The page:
This usage seems to have fallen out of use with interrogatory pronouns: “A friend of whom?” instead of “A friend of whose.” (“He is a friend of whom? That’s unbelievable! He is a rotten scoundrel, and I didn’t think that he had any friends.”)

    Like Maeve said, the use of the genitive case like this does not exist anymore for abstract entities: “A friend of the university”, “A friend of the common folks”, “A friend of Switzerland”, “A friend of the library”.

    Studying foreign languages like German, Polish, and Sanskrit helps you to understand the vestiges of this and that in English, and it also gives us a great appreciation of all of the simplifications in English grammar that have occured since the Norman Conquest and again since the time of Shakespeare.
    D.A.W.

  • D.A.W.

    Wow – permutations! And they sound so similar:
    Friends of my aunt’s; Friends of my aunts’;
    Friend of my aunt’s; Friends of my aunts’.
    ——————————————————
    Aunts of my friend; Aunts of my friends;
    Aunt of my friend; Aunt of my friends;
    or could some of these be written with apostrophes.
    D.A.W.

  • Curtis

    I have a hard time thinking of an instance in which these constructions would sound better than “my friends,” Sue’s friends,” and the like, though I suspect that taking the double possessive out of a larger context just magnifies its awkwardness. It’s a circumlocution, and direct writing is almost always better.

    I concur with Maeve: “If they occur, rewrite the sentence.”

  • venqax

    Wow – permutations! And they sound so similar:
    Friends of my aunt’s; Friends of my aunts’;
    Friend of my aunt’s; Friends of my aunts’.

    Numbers 1 and 2 don’t sound similar, they sound exactly the same. Numbers 2 and 4 are the same. I think Number 4 should be “Friend of my aunts’.”

    Aunts of my friend; Aunts of my friends;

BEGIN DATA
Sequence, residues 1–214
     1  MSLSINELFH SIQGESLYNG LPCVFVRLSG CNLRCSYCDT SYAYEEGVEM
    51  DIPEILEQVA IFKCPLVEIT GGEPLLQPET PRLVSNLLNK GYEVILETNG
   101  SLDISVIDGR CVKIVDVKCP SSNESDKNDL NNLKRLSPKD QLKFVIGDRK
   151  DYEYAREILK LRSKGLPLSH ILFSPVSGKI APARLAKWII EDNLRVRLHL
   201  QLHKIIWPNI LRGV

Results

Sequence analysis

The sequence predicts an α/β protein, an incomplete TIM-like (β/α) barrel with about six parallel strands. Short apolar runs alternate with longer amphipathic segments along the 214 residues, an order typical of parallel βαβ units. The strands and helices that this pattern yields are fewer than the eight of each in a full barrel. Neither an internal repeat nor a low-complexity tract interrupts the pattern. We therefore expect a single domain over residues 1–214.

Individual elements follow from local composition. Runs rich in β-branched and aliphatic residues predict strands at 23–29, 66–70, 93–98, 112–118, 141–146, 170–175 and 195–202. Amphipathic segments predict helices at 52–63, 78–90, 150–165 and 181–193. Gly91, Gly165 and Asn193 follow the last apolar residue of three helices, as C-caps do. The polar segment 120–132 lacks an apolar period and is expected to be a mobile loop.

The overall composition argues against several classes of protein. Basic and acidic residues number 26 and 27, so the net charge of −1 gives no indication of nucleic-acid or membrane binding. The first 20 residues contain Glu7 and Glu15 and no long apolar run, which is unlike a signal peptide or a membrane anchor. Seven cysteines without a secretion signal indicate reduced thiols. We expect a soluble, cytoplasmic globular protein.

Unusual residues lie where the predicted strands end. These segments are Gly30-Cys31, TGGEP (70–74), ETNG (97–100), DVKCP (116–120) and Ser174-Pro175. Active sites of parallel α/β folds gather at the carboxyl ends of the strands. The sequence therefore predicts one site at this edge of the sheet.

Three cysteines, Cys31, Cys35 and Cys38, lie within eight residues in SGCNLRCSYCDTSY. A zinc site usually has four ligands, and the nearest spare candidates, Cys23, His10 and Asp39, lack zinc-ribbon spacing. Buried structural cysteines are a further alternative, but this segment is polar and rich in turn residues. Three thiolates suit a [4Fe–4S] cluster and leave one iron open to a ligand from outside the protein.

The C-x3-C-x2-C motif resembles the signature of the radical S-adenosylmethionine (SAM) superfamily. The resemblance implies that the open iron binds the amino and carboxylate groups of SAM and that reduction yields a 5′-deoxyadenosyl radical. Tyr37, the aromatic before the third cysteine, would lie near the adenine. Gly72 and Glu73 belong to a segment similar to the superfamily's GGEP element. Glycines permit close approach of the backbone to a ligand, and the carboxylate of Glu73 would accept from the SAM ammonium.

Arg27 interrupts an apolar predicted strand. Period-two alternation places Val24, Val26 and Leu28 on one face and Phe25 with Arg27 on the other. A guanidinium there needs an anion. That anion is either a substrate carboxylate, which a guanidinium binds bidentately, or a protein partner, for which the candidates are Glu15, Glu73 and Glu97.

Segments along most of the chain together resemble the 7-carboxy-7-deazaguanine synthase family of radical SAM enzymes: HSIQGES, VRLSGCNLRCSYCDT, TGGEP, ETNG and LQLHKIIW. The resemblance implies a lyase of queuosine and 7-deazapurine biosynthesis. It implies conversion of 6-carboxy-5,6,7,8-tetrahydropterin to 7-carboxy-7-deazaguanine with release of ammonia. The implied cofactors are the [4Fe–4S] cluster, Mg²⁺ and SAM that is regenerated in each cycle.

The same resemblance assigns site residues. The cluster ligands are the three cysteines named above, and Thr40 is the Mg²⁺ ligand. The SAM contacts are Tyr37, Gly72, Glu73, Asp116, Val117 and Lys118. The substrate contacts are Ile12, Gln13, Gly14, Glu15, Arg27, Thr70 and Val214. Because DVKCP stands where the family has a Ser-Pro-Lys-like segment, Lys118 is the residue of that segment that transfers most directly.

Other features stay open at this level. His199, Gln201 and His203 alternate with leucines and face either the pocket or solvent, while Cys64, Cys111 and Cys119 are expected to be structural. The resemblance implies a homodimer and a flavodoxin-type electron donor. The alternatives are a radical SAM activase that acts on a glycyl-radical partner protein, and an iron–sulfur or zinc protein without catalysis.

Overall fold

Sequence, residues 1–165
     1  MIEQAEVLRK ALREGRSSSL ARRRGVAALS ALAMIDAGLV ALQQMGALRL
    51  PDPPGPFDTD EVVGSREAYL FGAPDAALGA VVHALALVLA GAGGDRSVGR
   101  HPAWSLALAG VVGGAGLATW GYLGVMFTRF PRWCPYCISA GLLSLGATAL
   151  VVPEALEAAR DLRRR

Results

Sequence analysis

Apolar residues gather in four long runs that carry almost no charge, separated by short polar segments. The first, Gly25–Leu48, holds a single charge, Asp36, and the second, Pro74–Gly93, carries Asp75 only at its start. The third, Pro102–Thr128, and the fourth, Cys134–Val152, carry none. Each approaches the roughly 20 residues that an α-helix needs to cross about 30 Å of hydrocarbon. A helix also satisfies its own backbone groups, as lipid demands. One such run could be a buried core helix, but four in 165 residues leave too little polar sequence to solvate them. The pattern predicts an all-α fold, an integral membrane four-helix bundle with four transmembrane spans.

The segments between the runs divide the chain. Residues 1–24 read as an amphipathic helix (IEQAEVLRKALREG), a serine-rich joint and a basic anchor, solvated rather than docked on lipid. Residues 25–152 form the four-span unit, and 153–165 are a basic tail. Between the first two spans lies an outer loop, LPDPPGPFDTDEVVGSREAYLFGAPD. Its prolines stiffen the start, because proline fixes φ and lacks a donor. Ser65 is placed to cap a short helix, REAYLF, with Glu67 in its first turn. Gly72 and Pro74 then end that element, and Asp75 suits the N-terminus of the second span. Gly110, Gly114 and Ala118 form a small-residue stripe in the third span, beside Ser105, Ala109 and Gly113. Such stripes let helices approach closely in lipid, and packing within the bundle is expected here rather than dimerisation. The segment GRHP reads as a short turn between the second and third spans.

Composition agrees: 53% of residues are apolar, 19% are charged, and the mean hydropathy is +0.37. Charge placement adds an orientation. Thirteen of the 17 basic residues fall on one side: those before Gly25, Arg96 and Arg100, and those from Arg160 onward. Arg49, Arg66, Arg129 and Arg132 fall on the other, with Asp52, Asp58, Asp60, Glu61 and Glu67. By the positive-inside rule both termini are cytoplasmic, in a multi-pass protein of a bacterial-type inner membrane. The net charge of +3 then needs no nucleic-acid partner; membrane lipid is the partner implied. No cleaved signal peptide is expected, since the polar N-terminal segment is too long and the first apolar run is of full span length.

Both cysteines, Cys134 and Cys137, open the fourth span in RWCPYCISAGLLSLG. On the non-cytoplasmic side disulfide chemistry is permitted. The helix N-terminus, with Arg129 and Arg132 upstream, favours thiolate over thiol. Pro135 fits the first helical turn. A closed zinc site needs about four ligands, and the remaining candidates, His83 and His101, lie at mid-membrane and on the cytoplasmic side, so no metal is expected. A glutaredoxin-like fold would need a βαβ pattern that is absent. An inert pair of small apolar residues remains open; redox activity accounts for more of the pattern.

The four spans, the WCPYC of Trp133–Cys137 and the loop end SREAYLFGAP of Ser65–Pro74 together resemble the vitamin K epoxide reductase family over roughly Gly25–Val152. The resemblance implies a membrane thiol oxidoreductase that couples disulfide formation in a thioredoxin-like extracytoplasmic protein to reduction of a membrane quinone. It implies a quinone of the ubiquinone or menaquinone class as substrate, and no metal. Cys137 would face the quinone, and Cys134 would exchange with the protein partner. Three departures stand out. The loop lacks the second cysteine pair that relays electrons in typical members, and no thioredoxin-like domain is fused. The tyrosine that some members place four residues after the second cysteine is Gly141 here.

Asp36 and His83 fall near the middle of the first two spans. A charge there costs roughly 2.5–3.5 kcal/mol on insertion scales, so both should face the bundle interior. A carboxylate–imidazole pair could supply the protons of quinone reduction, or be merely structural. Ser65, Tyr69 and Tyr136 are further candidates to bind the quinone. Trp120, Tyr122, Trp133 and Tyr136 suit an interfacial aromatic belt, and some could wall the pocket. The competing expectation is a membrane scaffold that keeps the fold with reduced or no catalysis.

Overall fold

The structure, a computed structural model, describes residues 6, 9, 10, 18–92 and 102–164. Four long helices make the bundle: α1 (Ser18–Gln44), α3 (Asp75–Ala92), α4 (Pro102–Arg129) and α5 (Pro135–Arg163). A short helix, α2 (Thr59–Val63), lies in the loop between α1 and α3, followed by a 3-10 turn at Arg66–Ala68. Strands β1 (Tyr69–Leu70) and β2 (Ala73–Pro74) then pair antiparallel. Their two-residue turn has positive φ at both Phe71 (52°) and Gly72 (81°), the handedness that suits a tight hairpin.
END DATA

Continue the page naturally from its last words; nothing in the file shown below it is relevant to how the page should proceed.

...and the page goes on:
Aunt of my friend; Aunt of my friends;
    or could some of these be written with apostrophes.

    Yes. “Aunts of my friend’s” or “Aunts of my friends’.” But they are pretty awkward.

  • Dale A. Wood

    “Numbers 1 and 2 don’t sound similar, they sound exactly the same.”

    Once again venqax, you do not know enough about mathematics and science to know that “similar to” includes “equal”.
    You always fall into things like these, and then you go shoot your mouth off. I am not even setting logical traps on purpose.

    “Approximately equal to” includes “exactly equal to”, also. There are sets and there are subsets, and any set includes all of its subsets.

    “Friends of my aunts’,” means multiple friends and multiple aunts.
    Very often, multiple sisters have a number of friends in common.

    Also, minor typographical errors should be ignored.
    We have enough of big bloopers of errors to deal with.

    D.A.W.

  • Caine

    Einstein’s contribution to physics was as important as ___________.

    1. Newton’s
    2. that of Newton
    3. that of Newton’s

    Which one do you think is the best option? And please give me detailed explanatin on why the others are not?